From his 26th-floor office atop the Tidewater Building, John Barry can look out his window and see the fragile wetlands of eastern New Orleans and St. Bernard Parish — as well as the northernmost reaches of the Gulf of Mexico, which has crept dangerously close to the edges of the city in recent years. From another window across the hall, he can see Lake Pontchartrain and the fragile network of levees and floodwalls that keep the lake from inundating metro New Orleans during storms.
In every respect, he sees the big picture of wetland loss and flood protection across southeast Louisiana.
Since publication of his acclaimed 1997 book, Rising Tide: The Great Mississippi Flood of 1927 and How It Changed America, Barry has been recognized as one of the nation's leading experts in flood control policy. In the wake of Hurricane Katrina in 2005, Barry also became one of the most passionate advocates for protecting New Orleans against future floods — and for holding those responsible for past and possible future flooding accountable.
Barry's advocacy for enhanced flood protection earned him a seat on the board of the newly created Southeast Louisiana Flood Protection Authority-East (SLFPA-E), the "nonpolitical" successor to the Orleans Levee Board. During most of his tenure on the SLFPA-E board, Barry was the darling of "reformers" who pushed for levee board consolidation after Katrina.
All that changed last July. That's when Barry convinced his fellow board members to sue 97 oil, gas and pipeline companies that had carved up south Louisiana's wetlands over the past 80 years, and many of his one-time patrons abandoned him.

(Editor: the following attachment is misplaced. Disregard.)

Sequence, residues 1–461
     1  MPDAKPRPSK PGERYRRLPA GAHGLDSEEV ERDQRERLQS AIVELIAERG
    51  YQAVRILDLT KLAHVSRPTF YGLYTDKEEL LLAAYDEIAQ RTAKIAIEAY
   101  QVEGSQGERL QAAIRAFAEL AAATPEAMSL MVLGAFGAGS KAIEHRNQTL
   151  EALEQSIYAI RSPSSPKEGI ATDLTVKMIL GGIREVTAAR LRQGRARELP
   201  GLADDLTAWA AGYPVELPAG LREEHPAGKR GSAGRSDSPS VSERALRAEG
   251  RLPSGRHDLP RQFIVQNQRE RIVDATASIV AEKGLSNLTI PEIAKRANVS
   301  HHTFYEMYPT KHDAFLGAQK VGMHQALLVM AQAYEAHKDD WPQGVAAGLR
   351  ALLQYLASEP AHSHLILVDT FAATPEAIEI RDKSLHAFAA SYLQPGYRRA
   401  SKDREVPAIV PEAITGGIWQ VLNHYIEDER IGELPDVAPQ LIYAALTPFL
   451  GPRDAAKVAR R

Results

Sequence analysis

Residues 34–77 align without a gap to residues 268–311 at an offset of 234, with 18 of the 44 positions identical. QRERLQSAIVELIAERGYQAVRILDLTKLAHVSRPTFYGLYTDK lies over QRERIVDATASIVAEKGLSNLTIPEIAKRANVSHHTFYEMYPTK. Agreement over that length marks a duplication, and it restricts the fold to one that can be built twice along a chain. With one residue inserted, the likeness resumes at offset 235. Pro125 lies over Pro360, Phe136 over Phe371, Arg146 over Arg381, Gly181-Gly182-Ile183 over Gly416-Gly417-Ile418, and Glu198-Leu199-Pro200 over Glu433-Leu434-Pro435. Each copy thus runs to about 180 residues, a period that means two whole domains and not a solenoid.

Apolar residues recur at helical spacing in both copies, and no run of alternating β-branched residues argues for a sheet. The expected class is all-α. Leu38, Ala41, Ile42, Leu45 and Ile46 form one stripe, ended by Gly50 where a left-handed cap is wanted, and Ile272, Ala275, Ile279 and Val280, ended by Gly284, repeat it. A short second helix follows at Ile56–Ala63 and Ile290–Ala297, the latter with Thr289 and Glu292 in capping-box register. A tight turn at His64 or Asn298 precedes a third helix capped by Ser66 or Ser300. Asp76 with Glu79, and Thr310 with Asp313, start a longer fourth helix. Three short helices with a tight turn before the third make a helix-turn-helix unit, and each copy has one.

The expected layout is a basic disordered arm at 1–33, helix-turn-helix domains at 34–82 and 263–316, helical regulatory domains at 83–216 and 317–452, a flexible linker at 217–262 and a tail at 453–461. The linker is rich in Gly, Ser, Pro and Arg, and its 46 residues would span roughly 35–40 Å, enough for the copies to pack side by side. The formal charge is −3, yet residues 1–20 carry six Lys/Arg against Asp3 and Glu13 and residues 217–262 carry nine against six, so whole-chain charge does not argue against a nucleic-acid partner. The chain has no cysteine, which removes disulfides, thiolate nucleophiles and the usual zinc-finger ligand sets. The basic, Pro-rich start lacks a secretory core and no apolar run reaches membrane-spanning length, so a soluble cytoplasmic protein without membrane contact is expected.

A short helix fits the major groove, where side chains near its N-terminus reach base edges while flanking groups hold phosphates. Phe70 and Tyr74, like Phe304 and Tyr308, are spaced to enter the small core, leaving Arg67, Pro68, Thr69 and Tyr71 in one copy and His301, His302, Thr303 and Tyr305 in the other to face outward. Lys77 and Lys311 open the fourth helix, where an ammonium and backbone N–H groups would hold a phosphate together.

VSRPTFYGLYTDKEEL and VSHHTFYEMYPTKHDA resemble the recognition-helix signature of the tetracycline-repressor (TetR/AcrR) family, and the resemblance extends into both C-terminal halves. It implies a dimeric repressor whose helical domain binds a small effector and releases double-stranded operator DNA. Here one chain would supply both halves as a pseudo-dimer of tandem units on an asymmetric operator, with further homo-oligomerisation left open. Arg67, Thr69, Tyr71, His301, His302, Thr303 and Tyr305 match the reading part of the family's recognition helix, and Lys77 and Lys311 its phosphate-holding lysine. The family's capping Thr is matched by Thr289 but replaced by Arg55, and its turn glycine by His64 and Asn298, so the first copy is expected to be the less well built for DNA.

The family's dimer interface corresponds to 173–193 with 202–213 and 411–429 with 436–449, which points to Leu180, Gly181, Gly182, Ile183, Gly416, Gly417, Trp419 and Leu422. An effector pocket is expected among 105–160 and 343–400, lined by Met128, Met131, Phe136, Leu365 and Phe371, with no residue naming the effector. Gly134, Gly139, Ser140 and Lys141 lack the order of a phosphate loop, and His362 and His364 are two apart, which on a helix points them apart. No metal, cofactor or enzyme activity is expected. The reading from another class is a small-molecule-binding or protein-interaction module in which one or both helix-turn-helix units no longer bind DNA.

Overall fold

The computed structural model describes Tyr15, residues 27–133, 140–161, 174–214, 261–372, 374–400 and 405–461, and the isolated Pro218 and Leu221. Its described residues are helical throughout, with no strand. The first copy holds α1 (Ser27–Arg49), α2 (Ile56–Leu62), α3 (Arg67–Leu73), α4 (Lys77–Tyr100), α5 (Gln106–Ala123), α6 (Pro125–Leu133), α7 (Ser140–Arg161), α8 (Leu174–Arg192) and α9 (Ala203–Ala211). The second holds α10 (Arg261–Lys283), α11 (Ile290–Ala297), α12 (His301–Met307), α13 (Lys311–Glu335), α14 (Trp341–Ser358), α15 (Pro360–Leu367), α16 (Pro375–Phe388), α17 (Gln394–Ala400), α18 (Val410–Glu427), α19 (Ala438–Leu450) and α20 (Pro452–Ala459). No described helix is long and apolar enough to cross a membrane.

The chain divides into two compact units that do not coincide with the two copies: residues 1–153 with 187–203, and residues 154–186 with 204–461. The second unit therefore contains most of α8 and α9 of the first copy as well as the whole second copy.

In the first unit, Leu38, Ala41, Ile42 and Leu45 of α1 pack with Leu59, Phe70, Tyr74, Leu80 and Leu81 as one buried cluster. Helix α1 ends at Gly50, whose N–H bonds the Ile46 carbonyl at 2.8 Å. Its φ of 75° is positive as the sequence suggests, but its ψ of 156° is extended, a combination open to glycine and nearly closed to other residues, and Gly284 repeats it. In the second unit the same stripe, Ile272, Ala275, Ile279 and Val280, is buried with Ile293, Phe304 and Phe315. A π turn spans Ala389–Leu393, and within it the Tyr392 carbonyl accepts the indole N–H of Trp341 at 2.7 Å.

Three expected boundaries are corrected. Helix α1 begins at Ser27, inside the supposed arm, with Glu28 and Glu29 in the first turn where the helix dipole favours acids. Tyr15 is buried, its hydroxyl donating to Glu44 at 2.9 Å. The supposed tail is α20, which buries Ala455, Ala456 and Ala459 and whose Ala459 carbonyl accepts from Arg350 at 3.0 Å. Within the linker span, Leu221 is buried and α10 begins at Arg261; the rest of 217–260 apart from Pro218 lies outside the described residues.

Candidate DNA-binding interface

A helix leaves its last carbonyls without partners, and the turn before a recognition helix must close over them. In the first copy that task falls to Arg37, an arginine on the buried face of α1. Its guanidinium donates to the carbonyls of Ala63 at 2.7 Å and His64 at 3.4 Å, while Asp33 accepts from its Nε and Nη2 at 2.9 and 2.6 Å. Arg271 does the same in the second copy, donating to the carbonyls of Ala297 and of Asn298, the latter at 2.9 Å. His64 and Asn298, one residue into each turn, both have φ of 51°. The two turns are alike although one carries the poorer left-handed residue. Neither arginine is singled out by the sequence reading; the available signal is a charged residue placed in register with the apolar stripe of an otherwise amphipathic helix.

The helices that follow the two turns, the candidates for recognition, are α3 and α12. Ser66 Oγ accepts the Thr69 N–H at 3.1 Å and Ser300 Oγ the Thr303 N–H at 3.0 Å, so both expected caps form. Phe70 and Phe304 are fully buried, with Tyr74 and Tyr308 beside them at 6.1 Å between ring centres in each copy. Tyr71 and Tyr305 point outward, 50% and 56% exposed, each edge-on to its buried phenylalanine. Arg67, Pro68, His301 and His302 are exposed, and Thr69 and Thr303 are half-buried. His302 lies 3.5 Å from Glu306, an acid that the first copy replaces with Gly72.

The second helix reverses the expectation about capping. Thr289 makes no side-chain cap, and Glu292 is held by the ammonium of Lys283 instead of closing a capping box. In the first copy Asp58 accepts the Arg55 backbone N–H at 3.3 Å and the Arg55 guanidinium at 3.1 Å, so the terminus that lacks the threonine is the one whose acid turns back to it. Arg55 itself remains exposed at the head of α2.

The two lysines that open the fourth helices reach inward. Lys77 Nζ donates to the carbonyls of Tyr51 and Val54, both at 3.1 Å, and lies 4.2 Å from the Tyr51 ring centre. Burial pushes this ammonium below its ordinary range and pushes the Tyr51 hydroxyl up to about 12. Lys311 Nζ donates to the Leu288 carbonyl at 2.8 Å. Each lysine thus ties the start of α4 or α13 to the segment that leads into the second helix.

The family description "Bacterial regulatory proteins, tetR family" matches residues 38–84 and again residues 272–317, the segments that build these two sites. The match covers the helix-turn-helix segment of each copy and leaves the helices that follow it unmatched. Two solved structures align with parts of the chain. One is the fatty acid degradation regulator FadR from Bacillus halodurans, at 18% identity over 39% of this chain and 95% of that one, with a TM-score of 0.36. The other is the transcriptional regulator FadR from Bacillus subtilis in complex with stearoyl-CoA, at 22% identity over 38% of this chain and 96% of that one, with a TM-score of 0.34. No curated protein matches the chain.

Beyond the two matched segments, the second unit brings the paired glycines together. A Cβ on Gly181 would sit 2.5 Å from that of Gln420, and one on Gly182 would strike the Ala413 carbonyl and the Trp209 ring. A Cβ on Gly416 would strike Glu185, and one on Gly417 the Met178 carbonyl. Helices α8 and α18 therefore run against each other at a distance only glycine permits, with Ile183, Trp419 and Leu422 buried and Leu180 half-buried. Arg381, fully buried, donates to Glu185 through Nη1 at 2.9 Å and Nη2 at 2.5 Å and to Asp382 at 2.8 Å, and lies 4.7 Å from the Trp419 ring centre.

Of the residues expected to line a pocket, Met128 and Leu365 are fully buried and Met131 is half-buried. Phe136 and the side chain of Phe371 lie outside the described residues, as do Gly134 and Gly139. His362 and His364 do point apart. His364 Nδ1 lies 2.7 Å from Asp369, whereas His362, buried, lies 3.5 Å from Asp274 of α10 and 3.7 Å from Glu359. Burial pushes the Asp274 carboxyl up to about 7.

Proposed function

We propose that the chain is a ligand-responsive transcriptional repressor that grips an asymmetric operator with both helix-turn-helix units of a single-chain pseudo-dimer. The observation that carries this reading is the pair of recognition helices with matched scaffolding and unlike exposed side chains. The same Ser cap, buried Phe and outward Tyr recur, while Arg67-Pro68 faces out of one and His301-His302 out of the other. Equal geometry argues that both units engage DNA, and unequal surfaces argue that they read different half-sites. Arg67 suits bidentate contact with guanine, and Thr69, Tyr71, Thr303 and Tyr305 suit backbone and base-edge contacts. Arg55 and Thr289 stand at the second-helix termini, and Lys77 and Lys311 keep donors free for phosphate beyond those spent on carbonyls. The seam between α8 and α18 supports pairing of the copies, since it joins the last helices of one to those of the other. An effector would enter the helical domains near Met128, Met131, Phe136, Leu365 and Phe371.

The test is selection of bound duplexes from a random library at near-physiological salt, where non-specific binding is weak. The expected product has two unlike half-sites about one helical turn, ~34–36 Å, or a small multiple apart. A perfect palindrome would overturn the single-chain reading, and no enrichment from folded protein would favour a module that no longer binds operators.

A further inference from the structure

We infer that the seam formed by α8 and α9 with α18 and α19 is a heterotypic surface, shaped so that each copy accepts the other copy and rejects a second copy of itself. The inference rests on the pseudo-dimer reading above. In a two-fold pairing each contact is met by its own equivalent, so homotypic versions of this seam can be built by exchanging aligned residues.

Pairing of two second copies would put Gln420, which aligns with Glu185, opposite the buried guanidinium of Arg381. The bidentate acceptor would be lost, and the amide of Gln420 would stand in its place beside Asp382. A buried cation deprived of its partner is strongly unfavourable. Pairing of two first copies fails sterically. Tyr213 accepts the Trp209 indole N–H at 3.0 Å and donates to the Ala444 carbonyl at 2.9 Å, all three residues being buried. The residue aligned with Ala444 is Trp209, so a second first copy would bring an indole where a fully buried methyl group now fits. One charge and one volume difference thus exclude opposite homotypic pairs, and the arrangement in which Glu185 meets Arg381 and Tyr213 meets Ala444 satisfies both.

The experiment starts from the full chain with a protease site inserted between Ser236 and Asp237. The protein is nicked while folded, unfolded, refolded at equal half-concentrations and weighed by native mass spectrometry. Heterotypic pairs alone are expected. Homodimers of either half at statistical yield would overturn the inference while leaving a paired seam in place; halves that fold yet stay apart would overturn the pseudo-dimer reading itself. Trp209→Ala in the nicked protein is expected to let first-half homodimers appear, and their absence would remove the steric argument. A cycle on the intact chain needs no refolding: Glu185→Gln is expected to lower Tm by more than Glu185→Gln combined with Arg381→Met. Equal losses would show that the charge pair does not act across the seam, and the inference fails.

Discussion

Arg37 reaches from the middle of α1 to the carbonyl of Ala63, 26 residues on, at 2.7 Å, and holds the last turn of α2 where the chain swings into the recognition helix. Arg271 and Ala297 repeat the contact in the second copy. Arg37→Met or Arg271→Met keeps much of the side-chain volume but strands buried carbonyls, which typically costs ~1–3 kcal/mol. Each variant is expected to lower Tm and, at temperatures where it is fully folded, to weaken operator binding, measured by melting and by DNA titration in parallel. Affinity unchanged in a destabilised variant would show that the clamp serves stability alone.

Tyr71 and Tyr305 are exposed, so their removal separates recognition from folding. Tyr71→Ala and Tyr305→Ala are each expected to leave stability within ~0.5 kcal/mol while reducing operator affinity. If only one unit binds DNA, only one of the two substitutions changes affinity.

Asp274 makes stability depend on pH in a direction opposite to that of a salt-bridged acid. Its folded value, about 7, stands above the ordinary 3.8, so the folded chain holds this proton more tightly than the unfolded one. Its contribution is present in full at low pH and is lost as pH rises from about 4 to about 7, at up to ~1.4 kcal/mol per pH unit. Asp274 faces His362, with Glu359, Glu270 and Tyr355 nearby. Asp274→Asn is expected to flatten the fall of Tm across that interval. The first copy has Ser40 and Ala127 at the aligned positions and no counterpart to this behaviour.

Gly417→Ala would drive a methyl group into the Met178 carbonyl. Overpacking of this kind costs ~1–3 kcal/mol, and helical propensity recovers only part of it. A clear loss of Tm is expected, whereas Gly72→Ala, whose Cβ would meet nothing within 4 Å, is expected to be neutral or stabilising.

All agree that the regional flood authority's landmark lawsuit against Big Oil is breathtaking in scope and scale — and, if successful, will mark the first time the energy industry has been made to pay for massive environmental damage (and heightened flood risks) in south Louisiana. But not all agree the lawsuit should go forward. The backlash was immediate and intense.
Gov. Bobby Jindal has waged all-out war against the suit and against Barry personally. The governor will have to wait until March to try to convince state lawmakers to kill the suit, but he wasted no time removing Barry from the SLFPA-E board. Measured yet undaunted in the face of Jindal's wrath, Barry formed Restore Louisiana Now, a nonprofit advocacy group that is raising funds and awareness to keep the lawsuit alive — in order to provide funding for the 50-year, $50 billion (some say $100 billion) Master Plan to restore Louisiana's vanishing coast. If Big Oil doesn't pay its share, Barry says, taxpayers will have to pay it — or the coast will disappear forever.
Now off the flood board and no longer bound by political constraints, Barry minces no words in his defense of the suit — or in responding to Jindal's efforts to kill it legislatively.
"Think for a second about the idea of legislatively killing a lawsuit that's already been filed," Barry says. "That means you're saying that the industry is above the law. That you can take someone to court, and because of their political power, they're going to go in and rewrite the law after you've taken them to court? That offends me, and it should offend every person in America. I don't care what you think about the lawsuit, whether you support it or oppose it, that's offensive.
- John Barry (left) worked with attorney Glad Jones to file the lawsuit against Big Oil.